Hawks Always Fail Upwards
The conclusion of Stephen Walt’s column on John Bolton is exactly right:
Don’t get me wrong: I’m not trying to “normalize” this appointment or suggest that it shouldn’t concern you. Rather, I’m suggesting that if you are worried about Bolton, you should ask yourself the following question: What sort of political system allows someone with his views to serve in high office, where he helps talk the country into a disastrous war, never expresses a moment’s regret for his errors, continues to advocate for more of the same for the next decade, and then gets a second chance to make the same mistakes again? [bold mine-DL]
So by all means worry. But the real problem isn’t Bolton — it’s a system that permits people like him to screw up and move up again and again.
There is a strong bias in our foreign policy debates in favor of “action,” no matter how stupid or destructive that action proves to be. That is one reason why reflexive supporters of an activist foreign policy will never have to face the consequences of the policies they support. Bolton has thrived as an advocate of hard-line policies precisely because he fills the assigned role of the fanatical warmonger, and there is always a demand for someone to fill that role. His fanaticism doesn’t discredit him, because it is eminently useful to his somewhat less fanatical colleagues. That is how he can hang around long enough until there is a president ignorant enough to think that he is qualified to be a top adviser.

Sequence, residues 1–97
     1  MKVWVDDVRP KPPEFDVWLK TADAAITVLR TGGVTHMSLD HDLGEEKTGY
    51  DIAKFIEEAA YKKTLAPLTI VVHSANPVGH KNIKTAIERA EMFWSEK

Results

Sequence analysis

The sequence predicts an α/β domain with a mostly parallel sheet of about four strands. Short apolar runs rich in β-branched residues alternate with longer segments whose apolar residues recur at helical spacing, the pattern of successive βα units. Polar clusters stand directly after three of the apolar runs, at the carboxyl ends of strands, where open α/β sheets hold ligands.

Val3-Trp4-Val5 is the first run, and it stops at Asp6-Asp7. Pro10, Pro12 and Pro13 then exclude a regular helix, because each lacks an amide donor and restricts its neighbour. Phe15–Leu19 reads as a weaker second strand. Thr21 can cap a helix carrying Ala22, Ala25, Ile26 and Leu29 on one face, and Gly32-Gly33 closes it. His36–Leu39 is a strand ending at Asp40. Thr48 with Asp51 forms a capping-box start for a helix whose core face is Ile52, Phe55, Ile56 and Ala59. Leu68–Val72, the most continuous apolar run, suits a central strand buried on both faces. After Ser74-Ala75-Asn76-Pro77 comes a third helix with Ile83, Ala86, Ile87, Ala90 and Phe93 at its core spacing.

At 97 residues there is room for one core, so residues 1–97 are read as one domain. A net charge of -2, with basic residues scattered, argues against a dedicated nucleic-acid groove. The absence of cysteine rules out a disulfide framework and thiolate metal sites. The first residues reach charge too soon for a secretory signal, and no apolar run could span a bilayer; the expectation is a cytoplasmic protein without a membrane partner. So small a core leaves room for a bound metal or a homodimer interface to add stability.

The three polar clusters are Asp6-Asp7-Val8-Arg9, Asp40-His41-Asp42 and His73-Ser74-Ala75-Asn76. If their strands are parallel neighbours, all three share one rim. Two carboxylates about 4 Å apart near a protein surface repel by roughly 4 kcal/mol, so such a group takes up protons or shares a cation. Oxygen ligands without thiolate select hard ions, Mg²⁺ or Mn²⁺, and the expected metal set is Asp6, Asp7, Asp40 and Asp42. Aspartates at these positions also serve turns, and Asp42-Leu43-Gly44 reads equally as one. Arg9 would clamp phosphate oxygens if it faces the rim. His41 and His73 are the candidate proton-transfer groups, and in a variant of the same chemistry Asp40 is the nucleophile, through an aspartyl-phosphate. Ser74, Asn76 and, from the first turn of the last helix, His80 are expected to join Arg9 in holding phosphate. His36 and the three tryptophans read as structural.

Bolton will also have reliable supporters in the conservative movement that will make excuses for the inexcusable. National Review recently published an article by David French in defense of Bolton whose conclusion was that we should “give a hawk a chance.” Besides being evasive and dishonest about just how fanatical Bolton is, the article was an effort to pretend that Iraq war supporters should be given another chance to wreck U.S. foreign policy again. It may be true that Bolton’s views are “in the mainstream of conservative foreign-policy thought,” but that is an indictment of the so-called “mainstream” that is being represented. Bolton has been wrong about every major foreign policy issue of the last twenty years. If that doesn’t disqualify you from holding a high-ranking government position, what does?
Hawks have been given a chance to run our foreign policy every day for decades on end, and they have failed numerous times at exorbitant cost. Generic hawks don’t deserve a second chance after the last sixteen-plus years of failure and disaster, and fanatical hard-liners like Bolton never deserved a first chance. French asserts that Bolton is “not extreme,” but that raises the obvious question: compared to what?
Bolton has publicly, repeatedly urged the U.S. government to launch illegal preventive wars against Iran and North Korea, and that just scratches the surface of his fanaticism. That strikes me as rather extreme, and that is why so many people are disturbed by the Bolton appointment. If he isn’t “extreme” even by contemporary movement conservative standards, who is? How psychopathic would one need to be to be considered extreme in French’s eyes? If movement conservatives can’t see why Bolton is an unacceptable and outrageous choice for National Security Advisor, they are so far gone that there is nothing to be done for them and no point in listening to anything they have to say.